On Faith, VEDA Quickly Distributes Funds For Flood Repair

06/27/11 5:46PM By Bob Kinzel
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(Host) A special state program to help businesses affected by last month's floods has given out nearly a million dollars in low interest loans to roughly 50 businesses.

And, as VPR's Bob Kinzel reports, the state hopes to loan out another $3 million dollars in the next few weeks.

(Kinzel) There's still a musty smell in the air as you climb down the wooden stairs to the basement of Capital Stationers in Montpelier.

Kent Bigglestone is a co-owner of the business that his family started 60 years ago. He describes going down the stairs late last month when torrential rain caused massive flooding in central Vermont.

Courtesy of Capitol Stationers
BEFORE: The basement at Capitol Stationers in Montpelier was inundated with five feet of water that damaged much of the company's paper products.
(Bigglestone) "This is basically as far as I got - we're about five steps before we hit down in the basement but it was flowing in I had to peak around the corner and it sounded just like a waterfall just coming down and we have 3 pumps in our basement. They were all working but the water was just coming in faster than the pumps could work. We have a little compact refrigerator down here you could see it actually floating in the water down here. "

(Host) Back in his office, Bigglestone says the new state loan program has been a lifeline for his business. He says his store lost roughly $20,000 in inventory when the basement flooded, and it cost another $4- to $5,000 to clean up the mess. He didn't have any flood insurance.

Under the state program, businesses are eligible for up to a $25,000 low interest loan with no interest or payments during the first year.

The state promised a simple application process and a quick turnaround period for the loans. Bigglestone says both promises were kept.

(Bigglestone) "I spent 10 minutes filling out the paperwork. It wasn't like this 30 page thing like you normally do when you close loans and what not. I think we started like a week before and then when up to the office, assigned a couple of pages and the next thing you know here's the check to get your business back going again."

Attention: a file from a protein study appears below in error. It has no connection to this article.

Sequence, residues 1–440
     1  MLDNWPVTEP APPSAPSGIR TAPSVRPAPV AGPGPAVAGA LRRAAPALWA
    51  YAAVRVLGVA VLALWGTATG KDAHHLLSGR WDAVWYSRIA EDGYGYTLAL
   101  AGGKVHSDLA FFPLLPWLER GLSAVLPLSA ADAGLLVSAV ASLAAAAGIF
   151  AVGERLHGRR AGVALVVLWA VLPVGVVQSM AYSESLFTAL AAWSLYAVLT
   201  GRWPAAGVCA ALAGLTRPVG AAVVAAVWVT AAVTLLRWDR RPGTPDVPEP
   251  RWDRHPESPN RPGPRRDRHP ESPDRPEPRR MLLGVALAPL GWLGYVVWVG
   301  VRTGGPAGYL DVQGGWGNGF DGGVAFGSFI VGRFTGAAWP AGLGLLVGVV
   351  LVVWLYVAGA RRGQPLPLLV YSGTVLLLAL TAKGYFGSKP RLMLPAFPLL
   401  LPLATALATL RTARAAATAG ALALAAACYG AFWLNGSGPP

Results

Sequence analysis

(Host) The loan program is being administered by the Vermont Economic Development Authority. Jo Bradley is the chief executive officer of VEDA. She thinks the program is working well.

Courtesy of Capital Stationers
AFTER: The owners of Capital Stationers in Montpelier say Vermont's new loan program has been a lifeline for their business.
(Bradley) "From what I'm hearing from our customers they have been very glad to get this money and it's helped them very quickly. They may need to do some other things in the future to help their businesses but this has been something that they could get right away."

(Host) Bradley says VEDA's underwriting guidelines were less stringent for this program but she says that's because it was critical to distribute this money as quickly as possible.

(Bradley) "These people deserve our faith now because nobody's going to come and borrow money just to borrow money. They're going to borrow money because they need it, so when they told us that they had to clean their basement or whatever we didn't have time to go and check, and yes we took that on faith from them."

(Host) Bradley says the deadline for applying for the loan program is July 15th and she says the program still has several million dollars available.

For VPR News, I'm Bob Kinzel in Montpelier.

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